The latest issue of Guitar Interactive, the free digital guitar magazine has been released and it’s loaded to the brim with new video interviews, interactive guitar lessons and reviews of all the latest guitars, amps and pedals. Also, after the success of last month’s offer, every Guitar Interactive subscriber can still claim a FREE copy of the brilliant TAB editing software package Guitar Pro 6!
American guitar virtuoso Richie Kotzen is this month’s cover star with an in-depth interview at his LA home studio and a special ‘Kotzen Masterclass’ lesson from Tom Quayle. Other interviews include Free bassist Andy Fraser and Guitar Interactive favourite Steve Hackett returns to talk with Michael Casswell about his new album ‘Genesis Revisited ll’ and to perform an exclusive live session!
There’s more exclusive material on offer as Guitar Interactive are invited to the annual LA Amp Show to sample the latest products and find out what’s new in the world of Amplifiers. Pedals and Guitars. With a whole host of interviews with the brains behind the gear you love including Fractal Audio, Matrix Amplification, Suhr Guitars, Eganter + More….
There’s lots of prizes up for grabs in the competitions section of the mag… Gi are giving away two Wampler pedals and two copies of the new Randy Rhoads biography + find out which lucky reader bagged the Ibanez Steve Vai JEM70V Guitar!
Don’t miss the column features as Andy James, Tom Quayle, Rick Graham, Michael Casswell and Giorgio Serci all continue their technique lessons including tips, tricks and licks to help make you a better guitarist and starting this month, Guitar Idol winner Don Alder joins the Guitar Interactive teaching team to begin his ‘Acoustic Percussion’ series.
Included in the magazine is full downloadable tab for all of the lessons in the usual PDF format and now our new Guitar Pro 6 format so you can start using your FREE software right away (For details on how to claim your copy, visit the downloads page in the magazine).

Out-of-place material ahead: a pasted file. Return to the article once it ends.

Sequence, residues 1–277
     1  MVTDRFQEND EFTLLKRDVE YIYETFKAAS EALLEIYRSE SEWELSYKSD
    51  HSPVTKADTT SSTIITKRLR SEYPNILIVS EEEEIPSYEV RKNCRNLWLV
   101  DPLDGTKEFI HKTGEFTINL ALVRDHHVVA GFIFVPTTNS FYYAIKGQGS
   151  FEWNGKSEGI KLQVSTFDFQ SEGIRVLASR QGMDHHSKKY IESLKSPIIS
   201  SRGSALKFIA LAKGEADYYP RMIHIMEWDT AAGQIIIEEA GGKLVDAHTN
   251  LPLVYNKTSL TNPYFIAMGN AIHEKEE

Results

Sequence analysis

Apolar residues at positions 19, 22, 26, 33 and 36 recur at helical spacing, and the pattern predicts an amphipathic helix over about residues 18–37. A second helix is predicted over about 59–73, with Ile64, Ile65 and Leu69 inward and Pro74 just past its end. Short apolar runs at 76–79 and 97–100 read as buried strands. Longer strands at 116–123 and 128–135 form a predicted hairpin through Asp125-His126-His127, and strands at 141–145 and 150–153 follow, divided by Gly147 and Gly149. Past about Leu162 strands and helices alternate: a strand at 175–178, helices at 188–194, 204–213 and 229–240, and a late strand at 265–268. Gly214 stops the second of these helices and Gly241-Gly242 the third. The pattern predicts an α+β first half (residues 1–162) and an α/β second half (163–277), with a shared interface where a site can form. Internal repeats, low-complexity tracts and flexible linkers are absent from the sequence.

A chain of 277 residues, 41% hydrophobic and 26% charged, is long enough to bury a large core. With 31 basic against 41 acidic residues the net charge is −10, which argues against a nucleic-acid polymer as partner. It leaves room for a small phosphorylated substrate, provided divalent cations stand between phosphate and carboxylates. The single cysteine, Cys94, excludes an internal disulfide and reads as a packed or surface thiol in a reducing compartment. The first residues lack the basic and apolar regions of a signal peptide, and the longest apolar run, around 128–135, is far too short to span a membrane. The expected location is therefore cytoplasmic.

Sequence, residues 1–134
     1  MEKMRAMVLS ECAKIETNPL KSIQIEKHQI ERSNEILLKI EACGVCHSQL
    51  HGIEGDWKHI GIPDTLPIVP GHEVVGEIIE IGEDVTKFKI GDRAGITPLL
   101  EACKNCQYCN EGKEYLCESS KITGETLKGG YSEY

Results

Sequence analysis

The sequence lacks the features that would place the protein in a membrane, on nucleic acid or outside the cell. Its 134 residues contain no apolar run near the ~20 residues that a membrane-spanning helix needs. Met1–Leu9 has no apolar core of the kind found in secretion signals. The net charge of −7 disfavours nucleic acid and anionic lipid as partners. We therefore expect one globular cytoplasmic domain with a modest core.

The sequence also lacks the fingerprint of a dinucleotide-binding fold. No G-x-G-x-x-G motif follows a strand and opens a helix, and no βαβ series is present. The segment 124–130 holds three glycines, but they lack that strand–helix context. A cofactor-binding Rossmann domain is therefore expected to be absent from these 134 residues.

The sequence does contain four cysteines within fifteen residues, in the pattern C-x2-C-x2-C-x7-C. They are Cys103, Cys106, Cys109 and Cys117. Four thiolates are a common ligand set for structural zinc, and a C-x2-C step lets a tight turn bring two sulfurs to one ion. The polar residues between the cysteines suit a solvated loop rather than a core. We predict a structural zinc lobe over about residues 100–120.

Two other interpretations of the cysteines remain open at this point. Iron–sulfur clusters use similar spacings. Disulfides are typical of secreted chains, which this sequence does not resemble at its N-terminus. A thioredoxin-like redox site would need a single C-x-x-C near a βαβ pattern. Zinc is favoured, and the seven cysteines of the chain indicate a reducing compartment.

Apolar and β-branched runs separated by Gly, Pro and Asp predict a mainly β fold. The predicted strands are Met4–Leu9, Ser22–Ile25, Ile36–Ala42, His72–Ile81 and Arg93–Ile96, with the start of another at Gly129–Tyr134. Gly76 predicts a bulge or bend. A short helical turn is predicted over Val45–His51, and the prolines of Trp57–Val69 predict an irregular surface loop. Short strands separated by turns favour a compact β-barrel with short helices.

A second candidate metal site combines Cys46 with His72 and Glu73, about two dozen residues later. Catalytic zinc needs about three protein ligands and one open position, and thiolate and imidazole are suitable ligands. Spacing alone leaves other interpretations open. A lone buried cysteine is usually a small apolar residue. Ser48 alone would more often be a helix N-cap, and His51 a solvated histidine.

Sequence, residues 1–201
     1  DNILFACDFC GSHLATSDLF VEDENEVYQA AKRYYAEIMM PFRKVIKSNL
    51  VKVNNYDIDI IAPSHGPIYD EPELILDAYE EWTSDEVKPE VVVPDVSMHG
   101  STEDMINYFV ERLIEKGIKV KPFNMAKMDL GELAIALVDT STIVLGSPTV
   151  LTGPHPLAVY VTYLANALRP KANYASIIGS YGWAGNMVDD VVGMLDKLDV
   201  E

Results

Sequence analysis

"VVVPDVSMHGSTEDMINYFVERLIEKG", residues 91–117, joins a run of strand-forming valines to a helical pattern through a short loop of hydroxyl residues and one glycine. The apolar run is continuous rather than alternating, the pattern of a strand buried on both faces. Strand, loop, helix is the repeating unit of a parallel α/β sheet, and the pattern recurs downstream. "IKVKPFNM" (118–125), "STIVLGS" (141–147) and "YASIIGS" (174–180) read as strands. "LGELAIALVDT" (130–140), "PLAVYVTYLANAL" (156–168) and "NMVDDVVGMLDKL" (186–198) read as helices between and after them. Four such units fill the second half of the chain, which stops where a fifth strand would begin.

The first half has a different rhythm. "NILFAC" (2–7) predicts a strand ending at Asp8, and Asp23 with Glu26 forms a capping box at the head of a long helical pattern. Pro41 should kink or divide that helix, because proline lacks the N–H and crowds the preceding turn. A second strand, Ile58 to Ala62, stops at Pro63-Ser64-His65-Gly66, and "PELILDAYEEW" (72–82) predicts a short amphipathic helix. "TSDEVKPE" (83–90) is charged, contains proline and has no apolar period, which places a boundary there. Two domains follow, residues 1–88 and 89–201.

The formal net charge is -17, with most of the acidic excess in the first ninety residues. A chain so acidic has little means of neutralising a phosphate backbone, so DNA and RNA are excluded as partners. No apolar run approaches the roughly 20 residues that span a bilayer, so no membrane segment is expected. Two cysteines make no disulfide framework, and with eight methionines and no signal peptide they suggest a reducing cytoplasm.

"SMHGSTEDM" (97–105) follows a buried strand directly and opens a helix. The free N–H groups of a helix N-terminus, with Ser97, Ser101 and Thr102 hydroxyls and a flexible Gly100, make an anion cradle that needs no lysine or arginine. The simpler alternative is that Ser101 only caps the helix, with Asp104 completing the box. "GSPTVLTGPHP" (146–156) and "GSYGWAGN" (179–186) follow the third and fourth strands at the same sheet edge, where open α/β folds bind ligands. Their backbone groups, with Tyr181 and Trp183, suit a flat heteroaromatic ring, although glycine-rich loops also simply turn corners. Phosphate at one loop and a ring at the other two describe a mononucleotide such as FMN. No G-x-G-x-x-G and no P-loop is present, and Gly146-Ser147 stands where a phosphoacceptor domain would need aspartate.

The rest of the issue is jam packed with reviews including the new Tony Iommi Signture T-100 Laney Amp, Washburn, Rickenbacker, PRS, Hiwatt, Wampler, TC Electronic, Danelectro, Stonebridge and an exclusive review of the new Ibanez Roadcore RC230 Guitar!
If that’s not enough, Gi brings you a Quiet Room special with the new ‘Rise Of The Super-Ukes’ feature – Ukelele expert John Howlett explains why the Ukelele is conquering the world and reviews the best models on the market.
All this is available now and it’s completely FREE! Visit http://www.iguitarmag.com/issue13 to read it now!
THE BASSMENT_GUITAR REVIEW
It was so good that the legendary Cream bassist Jack Bruce abandoned his Gibson EB3 for
one - Aria’s late 1970s SB1000 was one of the first Japanese basses that really made the big
time. Newly reissued, can the ancient Aria still move the thoroughly modern Dan Veall?
‘Reissue’ instruments are a great way to get
your hands on that bass you once dreamt
of having, the one that your idols played
back in the day. Indeed, I could have never
afforded the prices commanded by the real
vintage classics played by my heroes when
I was young, so classic design recreated by
modern tooling makes a lot of sense to me.
The Aria SB1000RIB is a faithful and
‘high-end’ revisit to a time when bass
construction was enjoying a surge of
creativity and flair. Back then, Fender’s
Precisions and Jazz basses, recently joined
by the Musicman range, were enjoying
pretty much overwhelming success, Gibson
having begun to fade from the bass scene
as the 1960s ebbed away. But when the
Aria SB models were launched in the
late 1970s they showed a completely
different way forward - more in keeping
with the ideas of some of the best custom
bass makers of that time. And were they
successful? Oh, yes! I used to sit and watch
the British TV music programs as a kid and
clearly remember seeing bands of the time
plugging their releases using an Aria SB
model to hit the low notes.
STAR RATING CHECK THE SPEC
134 Guitar Interactive Magazine Issue 14
Our editor (who is very, very old - don’t
say I told you) says he recalls the launch
of the SB1000 and how it caught the
imagination of bassists at the time. In his
estimation it was one of the landmark
guitars and basses that finally cracked
the professional market for Japanese
manufacturers, whose products had tended
to be dismissed as ‘mere copies’ before.
Instruments like this SB1000, or Yamaha’s
SG six string, he says, finally convinced
even conservative professionals that
Japanese instrument manufacturing and
design were as good as anything, anywhere
- and often better.
Time to take a trip down memory lane with
My first impressions with a new instrument
are always straight out of the case and on to
my lap without even plugging it in. I want
to know as much about it before I hear
what it can do amplified. For me it was
immediately apparent that this instrument
was going to be a pleaser. Tonally rich, the
construction - a tried and tested yet quality
maple and walnut seven-piece laminate